Twenty-five years ago Steven Spielberg shocked the world with his mega-blockbuster “Jurassic Park”, which not only created a hype about dinosaurs but also started a franchise that extended to a fifth installment. Following the success of “Jurassic World”, the sequel “Fallen Kingdom” starring Chris Pratt and Bryce Dallas Howard was quickly greenlit; however, the sequel didn’t meet its high expectations and ended up being a weaker film from the series.
“Fallen Kingdom” begins three years after the fall of the real-dinosaur adventure park and now the prehistoric creatures have taken over the island. When a volcano eruption threatens to re-extinct Tyrannosaurus Rex and others, Claire Dearing (Howard) takes off her high-heels to join an expedition to save the dinosaurs and release them on a new island sanctuary. She asks her crush and dino-whisperer Owen Grady (Pratt) for help, and since Grady misses his Velociraptor-buddy, Blue, he cannot refuse. However, with a turn of events our heroes have to run for their lives from the dinosaurs and from their own team.
J.A. Bayona replaces Colin Trevorrow in the director’s chair which ended up being substantially helpful for the CGI aspects of the film. Bayona already proved his directing talent with his last movie “A Monster Calls” that he can handle huge CGI-creatures, and in the film’s third act, he brings in his experience with creepy houses from “The Orphanage.”
Jurassic Park and ghost houses seem to be a strange mix, but when the dinosaurs take over a huge estate, the reptiles are frightening for the first time in 25 years. DOP Oscar Faura’s captivating play with light and shadows underscores the haunting aspect and makes “Jurassic World 2” almost look like a horror film, but thanks to a PG-13 planned production you’ll hardly see any blood. The film is too tame for adults and too frightening for kids.
Franchise mastermind Trevorrow wrote the script with Derek Connolly. The overall story is the film’s biggest problem because it is a two-hour-long setup to get the dinosaurs from the distant Isla Nublar back on the mainland. This is merely a prologue for “Jurassic World 3” but without the coherence. Overall, it is a bland sequel and its only purpose was to set up future films for the franchise. Also, the villain is one of the most boring and unspectacular ones in film history.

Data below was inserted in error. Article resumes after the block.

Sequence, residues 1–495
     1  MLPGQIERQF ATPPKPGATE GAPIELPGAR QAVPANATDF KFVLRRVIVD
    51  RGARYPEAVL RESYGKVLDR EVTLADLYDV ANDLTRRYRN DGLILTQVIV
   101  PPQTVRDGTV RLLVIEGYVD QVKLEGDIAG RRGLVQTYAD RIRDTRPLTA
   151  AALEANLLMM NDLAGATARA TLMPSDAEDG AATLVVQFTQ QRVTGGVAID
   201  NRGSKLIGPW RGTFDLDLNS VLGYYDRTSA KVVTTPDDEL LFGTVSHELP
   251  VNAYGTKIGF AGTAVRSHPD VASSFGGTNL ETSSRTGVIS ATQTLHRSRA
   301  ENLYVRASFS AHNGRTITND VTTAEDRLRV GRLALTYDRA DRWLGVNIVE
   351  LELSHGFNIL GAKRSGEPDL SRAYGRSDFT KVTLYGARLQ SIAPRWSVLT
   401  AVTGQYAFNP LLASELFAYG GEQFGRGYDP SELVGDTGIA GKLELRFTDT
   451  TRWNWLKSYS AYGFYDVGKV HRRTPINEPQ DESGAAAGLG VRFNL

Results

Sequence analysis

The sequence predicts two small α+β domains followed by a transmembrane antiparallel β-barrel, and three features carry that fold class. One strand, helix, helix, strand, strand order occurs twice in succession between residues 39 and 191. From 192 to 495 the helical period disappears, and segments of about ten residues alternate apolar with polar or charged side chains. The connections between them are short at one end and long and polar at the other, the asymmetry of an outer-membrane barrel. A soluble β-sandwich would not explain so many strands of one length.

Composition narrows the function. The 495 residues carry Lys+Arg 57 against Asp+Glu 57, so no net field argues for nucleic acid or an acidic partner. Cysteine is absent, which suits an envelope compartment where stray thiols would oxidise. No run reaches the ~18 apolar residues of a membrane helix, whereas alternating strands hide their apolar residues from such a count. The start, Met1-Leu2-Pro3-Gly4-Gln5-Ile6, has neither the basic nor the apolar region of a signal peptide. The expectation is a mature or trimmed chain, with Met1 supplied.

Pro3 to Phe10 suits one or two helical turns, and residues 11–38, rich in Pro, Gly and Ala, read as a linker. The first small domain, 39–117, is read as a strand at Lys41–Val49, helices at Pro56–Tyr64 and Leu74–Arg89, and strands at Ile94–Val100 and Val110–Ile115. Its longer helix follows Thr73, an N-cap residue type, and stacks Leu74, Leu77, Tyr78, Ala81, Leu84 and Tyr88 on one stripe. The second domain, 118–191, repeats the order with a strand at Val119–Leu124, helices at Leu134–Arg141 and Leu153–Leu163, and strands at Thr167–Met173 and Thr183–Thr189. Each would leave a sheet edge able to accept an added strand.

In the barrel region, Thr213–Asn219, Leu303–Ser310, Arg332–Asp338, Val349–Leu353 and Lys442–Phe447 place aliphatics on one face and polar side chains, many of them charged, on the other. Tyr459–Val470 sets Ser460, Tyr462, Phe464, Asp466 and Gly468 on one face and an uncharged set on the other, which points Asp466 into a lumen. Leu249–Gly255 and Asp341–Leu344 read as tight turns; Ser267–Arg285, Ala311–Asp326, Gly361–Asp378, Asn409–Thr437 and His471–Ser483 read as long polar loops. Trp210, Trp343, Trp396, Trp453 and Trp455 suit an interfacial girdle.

The fact that “Jurassic World: Fallen Kingdom” is still somewhat entertaining must be credited to Pratt’s goofy charm and Bayona’s talented direction. Together with cinematographer Faura, Bayona creates excellent tension and dynamic action scenes and only sometimes the shot list gets a little too self-referential like when the dinosaurs can use door handles.
It’s disappointing that the movie doesn’t intensify many of the interesting aspects it brings up. Is it OK to let the dinosaurs die? What are the ethics of cloning or the commercial usage of newly created animals? What is a life, human or reptile, worth? And how heavy is the responsibility? Both Claire and Owen helped build a park that cost the lives of hundreds with no end in sight, but neither shed a tear because they were too busy saving the dinosaurs. None of these questions even gets a rudimentary discussion, but if it does it would get in the way of the lightness of the movie.
There isn’t any basic logic in this summer-tentpole-movie, and the plot holes are big enough for a fully-grown Brontosaurus to fall through. This sequel plays in a minor-league with The Amazing Spider-Man 2, Matrix: Reloaded, National Treasure: Book of Secrets, Ocean’s Twelve or Star Wars Episode Two: Attack of the Clones: visually exciting sequels with underwhelming, and at times laughable, narratives.
If you’re looking for something light and easy to digest after spending the whole day in the sun, this PG-13 massacre might be something for you, but don’t say I didn’t warn you!
Jurassic World: Fallen Kingdom (2018)
Directed by J. A. Bayona
Written by Colin Trevorrow, Derek Connolly
Cinematography by Oscar Faura
Music by Michael Giacchino
With Chris Pratt, Bryce Dallas Howard, Rafe Spall, James Cromwell, Toby Jones, Ted Levine, B. D. Wong, Geraldine Chaplin, Jeff Goldblum
128 min, PG-13